Microsoft’s underdog search engine, Bing, is launching the equivalent of a blind taste test for the search industry today, inviting searchers to compare its results against those of Google on queries of their choice.

The “Bing It On” challenge, available here, will be marketed heavily by Microsoft in a new ad campaign as a way of touting research showing that people prefer its results 2:1 over Google’s results in blind comparison tests. It’s similar in many ways to the Pepsi Challenge that the soda maker used to take on rival Coke starting in the 1970s.

It’s a big gamble by Microsoft, because in some cases the challenge could reinforce Google’s brand.

In my first blind test this morning, for example, Google was the winner, in part because it knew that my search for “Cake” was a reference to the band, whereas Bing thought I was looking for something from the bakery. I was signed in to both my Google and Microsoft accounts, but the search giant had an edge based on my search history.

In my second blind test, using more straightforward queries, Bing’s results edged out Google’s results.

Microsoft is betting that the research is on the mark, and people overall will prefer its results.

“Since relevancy of search results is the #1 driver of search engine preference, the time is right for a wake-up call for searchers,” writes¬†Mike Nichols, Bing corporate vice president and chief marketing officer, in a post this morning.

At the very least, the big marketing push promises to put Bing on the radar of more people. And Microsoft doesn’t have a lot to lose. The company has about 15 percent market share in the U.S., compared with 66 percent for Google.

Comments

  • Guest

    Bold, sad, and desperate, all in one. MS just doesn’t get it. Search wasn’t broken and therefore Bing adds no value for most people.

    • DadYoureEmbarassingMe

      Well stated actually.

      The idea of head-to-head IS bold, I give them that.

      But the “Bing it on” has that painful, cringe-worthy quality of unhip people trying to be hip (remember Zune’s “Welcome to the Social”). It makes me think of David Brent from the UK Office singing and dancing.

      To the point about search not being broken, I think the problem here is this campaign doesn’t close the deal. I don’t care about relevancy per se. I care about it as an enabler to getting things done. In that way, I actually think the original “Decision Engine” campaign was more effective. It certainly made me at least think about Bing more than any other ad campaign has.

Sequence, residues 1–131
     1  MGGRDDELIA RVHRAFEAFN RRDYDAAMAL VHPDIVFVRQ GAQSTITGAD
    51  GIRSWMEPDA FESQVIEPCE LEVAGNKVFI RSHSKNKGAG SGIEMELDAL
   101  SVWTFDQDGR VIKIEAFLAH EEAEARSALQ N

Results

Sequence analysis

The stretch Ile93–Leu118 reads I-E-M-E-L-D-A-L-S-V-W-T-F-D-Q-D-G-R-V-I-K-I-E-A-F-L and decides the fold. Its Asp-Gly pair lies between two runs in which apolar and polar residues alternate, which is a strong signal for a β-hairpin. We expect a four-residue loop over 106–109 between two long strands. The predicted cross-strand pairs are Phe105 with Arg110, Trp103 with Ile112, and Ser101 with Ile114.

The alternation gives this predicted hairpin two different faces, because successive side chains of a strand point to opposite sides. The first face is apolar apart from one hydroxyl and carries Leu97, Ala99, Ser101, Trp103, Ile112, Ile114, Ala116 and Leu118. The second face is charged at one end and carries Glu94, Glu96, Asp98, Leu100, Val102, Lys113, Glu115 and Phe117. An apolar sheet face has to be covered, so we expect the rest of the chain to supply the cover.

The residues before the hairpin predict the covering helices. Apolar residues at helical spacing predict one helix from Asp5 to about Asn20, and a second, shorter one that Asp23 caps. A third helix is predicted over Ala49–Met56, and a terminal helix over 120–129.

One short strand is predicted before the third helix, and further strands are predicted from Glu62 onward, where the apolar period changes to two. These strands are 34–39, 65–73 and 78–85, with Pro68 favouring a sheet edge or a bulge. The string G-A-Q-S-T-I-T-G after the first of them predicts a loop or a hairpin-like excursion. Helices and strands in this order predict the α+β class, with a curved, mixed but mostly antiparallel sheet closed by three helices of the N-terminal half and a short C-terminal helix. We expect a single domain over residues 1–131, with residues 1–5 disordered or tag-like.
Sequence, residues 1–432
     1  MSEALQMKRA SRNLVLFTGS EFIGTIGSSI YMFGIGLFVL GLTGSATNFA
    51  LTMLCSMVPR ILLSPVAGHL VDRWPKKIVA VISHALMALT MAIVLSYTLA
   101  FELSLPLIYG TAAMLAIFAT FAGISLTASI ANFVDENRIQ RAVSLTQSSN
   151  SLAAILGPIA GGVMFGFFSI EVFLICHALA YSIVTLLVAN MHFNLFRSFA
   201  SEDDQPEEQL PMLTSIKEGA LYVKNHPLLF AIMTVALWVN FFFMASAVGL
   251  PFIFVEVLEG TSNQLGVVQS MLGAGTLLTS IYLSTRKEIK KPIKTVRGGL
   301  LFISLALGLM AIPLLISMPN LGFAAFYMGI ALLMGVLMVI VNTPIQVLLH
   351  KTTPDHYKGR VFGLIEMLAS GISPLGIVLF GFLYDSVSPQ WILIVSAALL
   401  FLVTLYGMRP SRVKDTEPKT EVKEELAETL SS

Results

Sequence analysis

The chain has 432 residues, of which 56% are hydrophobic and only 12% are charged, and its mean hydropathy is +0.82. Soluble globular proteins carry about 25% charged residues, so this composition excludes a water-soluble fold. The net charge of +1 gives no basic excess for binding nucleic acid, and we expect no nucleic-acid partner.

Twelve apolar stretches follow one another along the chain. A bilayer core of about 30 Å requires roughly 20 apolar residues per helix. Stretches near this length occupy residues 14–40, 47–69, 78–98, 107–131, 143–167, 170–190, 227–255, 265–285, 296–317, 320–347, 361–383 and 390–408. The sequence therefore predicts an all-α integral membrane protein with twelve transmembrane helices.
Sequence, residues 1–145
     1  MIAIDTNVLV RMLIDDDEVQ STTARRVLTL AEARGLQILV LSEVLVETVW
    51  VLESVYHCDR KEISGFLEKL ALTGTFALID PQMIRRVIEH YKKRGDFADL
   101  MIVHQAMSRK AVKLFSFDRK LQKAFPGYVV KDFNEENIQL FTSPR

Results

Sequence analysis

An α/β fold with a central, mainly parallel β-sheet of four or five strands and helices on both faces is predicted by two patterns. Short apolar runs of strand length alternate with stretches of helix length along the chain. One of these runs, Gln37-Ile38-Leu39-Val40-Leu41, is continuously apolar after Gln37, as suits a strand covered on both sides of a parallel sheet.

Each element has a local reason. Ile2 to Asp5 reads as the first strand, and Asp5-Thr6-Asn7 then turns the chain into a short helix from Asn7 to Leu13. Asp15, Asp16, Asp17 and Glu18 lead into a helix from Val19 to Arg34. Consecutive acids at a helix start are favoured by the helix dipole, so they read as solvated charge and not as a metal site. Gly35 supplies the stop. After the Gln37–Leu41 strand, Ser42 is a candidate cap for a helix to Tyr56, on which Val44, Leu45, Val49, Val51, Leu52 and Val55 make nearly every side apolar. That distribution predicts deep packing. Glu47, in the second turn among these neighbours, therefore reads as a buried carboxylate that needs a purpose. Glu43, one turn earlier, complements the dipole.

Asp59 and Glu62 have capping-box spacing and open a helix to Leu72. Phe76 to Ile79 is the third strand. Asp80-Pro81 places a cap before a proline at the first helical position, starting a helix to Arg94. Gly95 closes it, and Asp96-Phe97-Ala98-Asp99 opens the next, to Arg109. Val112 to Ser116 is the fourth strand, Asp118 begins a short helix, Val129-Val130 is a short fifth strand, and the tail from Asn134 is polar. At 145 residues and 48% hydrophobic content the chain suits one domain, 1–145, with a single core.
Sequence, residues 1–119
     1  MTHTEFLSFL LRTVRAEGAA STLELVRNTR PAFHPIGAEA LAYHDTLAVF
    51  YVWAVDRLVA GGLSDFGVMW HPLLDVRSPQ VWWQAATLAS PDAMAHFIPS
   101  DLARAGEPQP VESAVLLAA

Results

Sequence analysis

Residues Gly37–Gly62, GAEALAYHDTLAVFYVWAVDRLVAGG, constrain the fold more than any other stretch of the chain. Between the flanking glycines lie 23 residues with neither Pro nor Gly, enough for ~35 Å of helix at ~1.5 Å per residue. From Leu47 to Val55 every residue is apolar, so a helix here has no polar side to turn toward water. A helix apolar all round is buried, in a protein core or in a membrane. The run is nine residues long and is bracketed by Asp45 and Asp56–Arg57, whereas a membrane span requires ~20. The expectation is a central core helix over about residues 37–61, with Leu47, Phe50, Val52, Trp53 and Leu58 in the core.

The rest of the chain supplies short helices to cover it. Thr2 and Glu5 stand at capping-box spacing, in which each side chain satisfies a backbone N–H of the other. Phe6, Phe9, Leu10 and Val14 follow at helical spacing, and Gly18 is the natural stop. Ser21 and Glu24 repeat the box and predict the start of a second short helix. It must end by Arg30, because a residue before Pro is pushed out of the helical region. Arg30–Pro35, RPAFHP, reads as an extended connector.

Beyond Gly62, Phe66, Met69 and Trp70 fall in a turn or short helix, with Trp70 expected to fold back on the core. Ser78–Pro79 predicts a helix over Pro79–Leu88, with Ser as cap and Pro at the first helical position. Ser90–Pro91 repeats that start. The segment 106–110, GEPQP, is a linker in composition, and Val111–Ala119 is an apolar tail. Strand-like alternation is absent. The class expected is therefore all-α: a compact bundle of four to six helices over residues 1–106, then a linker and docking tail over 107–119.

At the end of the day, I’d argue a lot of Microsoft’s marketing is suffering from cool envy. Quit trying to be cool and focus on talking about how your products help real people solve real problems in real life.

      • Harkonnen

        Also well-stated! Microsoft is at it’s best when it is true to itself as a nerdy but effective provider of technology. Hotmail/Outlook, Office, Windows 7 and 8; nerdy but effective.

        This desire to compete with Google or anyone else hamstrings the company. As in life, just compete with oneself and become the best.

        • guest

          MS is genetically incapable of self-motivation in pursuit of excellence. That’s Apple’s skill, and to a much lesser degree Google’s. MS defines itself in terms of competitors. It needs an enemy to motivate itself. When an obvious one doesn’t exist, like circa 1998-2003, they go dormant externally and instead eat each other.

          • http://www.facebook.com/jacob.samples Jacob Samples

            So around the time their “best” OS came out?….Yeah, they did so much damage to themselves, lemme tell you…

          • guest

            By 2003 MS was well into its downhill slide in relevance and competitiveness, yes.

      • guest

        “Decision Engine” is certainly less stupid marketing than “Almost as good as Google”. What’s less clear is that the implied problem exists or how Bing solves it so much better. Kind of hard to tout yourself as a “Decision Engine”, for example, when you don’t even support “time” as a pivot across all searches, unlike that supposed non decision engine Google. Don’t know that MS’s marketing suffers from cool envy so much as just sucks generally, which in turn has made them increasingly uncool. It has been a problem for years. They even implicitly acknowledged it when the previous VP “retired”. But there’s been no improvement with the new candidate. Like everything under Ballmer, things just sit around visible to all, yet unsolved and allowed to fester.